When the Daily Mail described our interviewee as a “dissident feminist” last December we knew we had to talk to this outsider of mainstream feminism, professor and writer Camille Paglia. I wanted to know why it’s not easy to slot her into a “camp”, what we can learn from her dissidence, and whether, looking back, she would consider acting differently in the public sphere. Has Paglia mellowed with age? Erm, that would be a big, bellowing, NO!
The Daily Mail described you as a “dissident feminist” and then went on to list a series of counter intuitive opinions you are reported as having. Why is it important for a feminist to be “dissident”? Do you ever play devil’s advocate and do we need feminists who are “controversial”?
I am a dissident because my system of beliefs, worked out over the past five decades, has been repeatedly attacked, defamed, and rejected by feminist leaders and their acolytes across a wide spectrum, both in and out of academe. This punitive style of mob ostracism began from the very start of second-wave feminism, when Betty Friedan was pushed out of the National Organization for Women by younger and more radical women, including fanatical lesbian separatists.
As a graduate student in 1970, I quietly clashed with future bestselling lesbian novelist Rita Mae Brown at an early feminist conference held at the Yale Law School. Brown said, “The difference between you and me, Camille, is that you want to save the universities and I want to burn them down.” The next year, I nearly got into a fistfight with the New Haven Women’s Liberation Rock Band over my defense of the Rolling Stones. Two years after that, as a Bennington College teacher at dinner at an Albany restaurant, I had an angry confrontation with the founding faculty of the pioneering women’s studies programme of the State University of New York when they sweepingly dismissed any role of hormones in human development. They accused me of being “brainwashed by male scientists”, a charge I still find stupid and contemptible. (I walked out before dessert, thereby boycotting the feminist event we all were headed to.)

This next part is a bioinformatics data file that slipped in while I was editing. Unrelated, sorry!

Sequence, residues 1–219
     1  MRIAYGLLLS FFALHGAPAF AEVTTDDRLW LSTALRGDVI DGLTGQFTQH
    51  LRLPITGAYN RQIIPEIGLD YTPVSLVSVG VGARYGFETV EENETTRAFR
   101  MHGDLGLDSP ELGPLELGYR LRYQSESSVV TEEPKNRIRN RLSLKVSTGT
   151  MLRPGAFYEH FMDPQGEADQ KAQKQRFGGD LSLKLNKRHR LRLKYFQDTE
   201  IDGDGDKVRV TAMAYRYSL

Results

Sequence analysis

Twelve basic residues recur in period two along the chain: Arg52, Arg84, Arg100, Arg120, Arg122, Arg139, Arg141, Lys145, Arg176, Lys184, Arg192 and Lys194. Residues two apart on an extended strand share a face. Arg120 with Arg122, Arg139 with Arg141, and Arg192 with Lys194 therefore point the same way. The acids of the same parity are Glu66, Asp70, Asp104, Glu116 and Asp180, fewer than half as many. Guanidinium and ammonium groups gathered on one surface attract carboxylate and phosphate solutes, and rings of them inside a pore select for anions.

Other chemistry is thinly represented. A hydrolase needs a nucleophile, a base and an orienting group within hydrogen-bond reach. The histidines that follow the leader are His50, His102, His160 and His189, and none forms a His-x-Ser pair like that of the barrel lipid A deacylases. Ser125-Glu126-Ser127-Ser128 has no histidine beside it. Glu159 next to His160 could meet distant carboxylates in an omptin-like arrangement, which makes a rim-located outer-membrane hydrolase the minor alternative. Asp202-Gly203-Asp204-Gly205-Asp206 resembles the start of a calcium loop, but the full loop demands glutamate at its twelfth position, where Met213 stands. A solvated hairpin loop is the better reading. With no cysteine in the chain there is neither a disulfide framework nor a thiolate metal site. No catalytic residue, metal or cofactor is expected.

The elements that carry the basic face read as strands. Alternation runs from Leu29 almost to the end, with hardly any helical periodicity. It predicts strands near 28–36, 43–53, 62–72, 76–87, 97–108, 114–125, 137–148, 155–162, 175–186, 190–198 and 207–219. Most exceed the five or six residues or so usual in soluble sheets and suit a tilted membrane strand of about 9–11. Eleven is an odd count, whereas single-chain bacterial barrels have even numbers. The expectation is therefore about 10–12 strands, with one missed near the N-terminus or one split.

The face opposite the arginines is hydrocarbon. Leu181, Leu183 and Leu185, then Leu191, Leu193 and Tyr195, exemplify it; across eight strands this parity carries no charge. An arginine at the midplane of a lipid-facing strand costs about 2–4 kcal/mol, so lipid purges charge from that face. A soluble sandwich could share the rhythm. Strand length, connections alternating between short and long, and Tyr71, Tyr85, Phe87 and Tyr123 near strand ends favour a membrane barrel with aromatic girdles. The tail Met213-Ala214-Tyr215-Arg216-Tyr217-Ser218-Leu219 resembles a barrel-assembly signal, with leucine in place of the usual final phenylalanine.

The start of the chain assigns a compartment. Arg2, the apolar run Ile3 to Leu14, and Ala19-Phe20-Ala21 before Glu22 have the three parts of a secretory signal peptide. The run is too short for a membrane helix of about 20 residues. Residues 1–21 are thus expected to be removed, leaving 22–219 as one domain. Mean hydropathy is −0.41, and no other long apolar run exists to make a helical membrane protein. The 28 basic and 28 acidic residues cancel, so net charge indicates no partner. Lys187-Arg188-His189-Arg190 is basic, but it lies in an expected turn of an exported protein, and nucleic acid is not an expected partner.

“Neither she nor any other feminist has the right to canonise or excommunicate.”